AA CAR CARE: The car tech that protects
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New vehicles are getting better at not only protecting occupants and other road users, but also at helping you to not ding or damage your prized set of wheels.
Because of this, carparks and driveways have the potential to be safer to navigate thanks to advanced autonomous features, in conjunction with multiple sensors, cameras and 3D viewing technology.
Autonomous Emergency Braking
Autonomous Emergency Braking, or AEB, uses a suite of sensors and cameras to detect pending impact and apply the brakes. High Speed AEB is the first and most common system adopted, with advancements over the last few years to allow low speed operation and increased scope of detection.
Low-speed or city AEB, which works from walking pace up to around 30km/h, generally uses a camera to keep an eye on the road ahead. Pedestrian systems can also detect people or cyclists.
In 2018 ANCAP (Australasian New Car Assessment Program) started the testing of AEB with pedestrians and cyclist dummies, including how the system operates during the day and night. In 2020 the testing was extended to include AEB Junction (how a car detects a pedestrian or cyclist during a 90-degree turn) and AEB Backover, which tests reverse auto-braking systems.
In Australia, the government has announced that AEB will be mandated on all newly introduced light vehicle models from March 2023, and all new models on sale in Australia from March 2025. We are yet to see if New Zealand will follow.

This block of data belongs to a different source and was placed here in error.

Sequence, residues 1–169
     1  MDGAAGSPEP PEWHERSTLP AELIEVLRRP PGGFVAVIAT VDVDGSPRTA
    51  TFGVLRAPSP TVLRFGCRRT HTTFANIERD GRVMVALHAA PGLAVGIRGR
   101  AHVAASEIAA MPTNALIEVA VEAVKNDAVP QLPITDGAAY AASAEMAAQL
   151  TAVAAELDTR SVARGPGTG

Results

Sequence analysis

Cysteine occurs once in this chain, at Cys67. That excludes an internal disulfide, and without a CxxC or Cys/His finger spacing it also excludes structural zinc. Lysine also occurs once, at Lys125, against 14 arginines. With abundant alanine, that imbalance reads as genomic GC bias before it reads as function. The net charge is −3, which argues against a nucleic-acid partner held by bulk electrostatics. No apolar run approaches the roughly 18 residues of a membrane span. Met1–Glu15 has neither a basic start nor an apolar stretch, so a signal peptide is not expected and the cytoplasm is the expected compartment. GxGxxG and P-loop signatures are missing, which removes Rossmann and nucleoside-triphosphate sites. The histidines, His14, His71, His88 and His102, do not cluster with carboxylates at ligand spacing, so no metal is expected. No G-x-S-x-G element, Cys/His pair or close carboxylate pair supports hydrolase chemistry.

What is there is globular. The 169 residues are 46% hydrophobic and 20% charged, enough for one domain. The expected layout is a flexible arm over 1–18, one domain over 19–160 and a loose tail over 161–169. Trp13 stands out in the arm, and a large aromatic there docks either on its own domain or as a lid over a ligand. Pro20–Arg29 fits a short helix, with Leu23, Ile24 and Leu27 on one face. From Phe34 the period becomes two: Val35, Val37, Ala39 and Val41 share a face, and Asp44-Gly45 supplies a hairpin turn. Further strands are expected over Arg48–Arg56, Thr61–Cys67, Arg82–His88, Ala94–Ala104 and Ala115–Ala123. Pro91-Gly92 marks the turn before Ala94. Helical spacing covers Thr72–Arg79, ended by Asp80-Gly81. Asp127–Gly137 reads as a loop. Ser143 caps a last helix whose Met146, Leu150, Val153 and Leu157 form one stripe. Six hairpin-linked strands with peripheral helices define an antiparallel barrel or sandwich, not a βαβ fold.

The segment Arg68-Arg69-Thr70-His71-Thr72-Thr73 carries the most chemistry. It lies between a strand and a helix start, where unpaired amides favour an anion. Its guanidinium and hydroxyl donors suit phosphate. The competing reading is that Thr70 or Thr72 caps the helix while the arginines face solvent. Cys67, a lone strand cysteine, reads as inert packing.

Rear Cross Traffic Alert and Reverse/Backover AEB
These assist safety systems alert the driver if other vehicles, cyclists or pedestrians are in danger of entering your path while reversing.
On vehicles equipped with advanced AEB systems, the same ultrasonic sensors used for parking can detect objects in the way or vehicles and pedestrians that may approach the car while reversing. If a collision appears likely, rear AEB comes into play, autonomously applying the brakes to avoid (or mitigate) the force of impact. These systems usually only work at low speeds.
Parking cameras are great, especially now vehicles have high definition, wide, touch or motion sensing infotainment screens with multi-camera views. On advanced systems you can view a 3D image of your vehicle and scroll around the perimeter to check the way is clear before moving away.
Called by many names, the ultimate parking assistant is something that lets you in and out of a parking spot while doing the steering (and sometimes acceleration/braking) for you.
How a typical system works
Ultrasonic sensors, located on the sides, and front/rear bumpers, search for parking spaces on either side of the road that are big enough to parallel park your vehicle.
Sensors search within 1.5 metres when you travel at up to 30km/h.
The sensors are always passively scanning spaces, so if you activate the system after you’ve just passed a good parking spot, it will let you know.
When a space is found, you’ll hear an alert and instructions will appear on your display screen telling you where to position the vehicle to begin the park.
During the active parking system operation, a combination of your vehicle’s electric power steering and sensors are used to autonomously steer the vehicle into place.
It’s important to note that these systems are designed to assist and not take the place of the driver, who must maintain control of the vehicle and be ready to act at any time.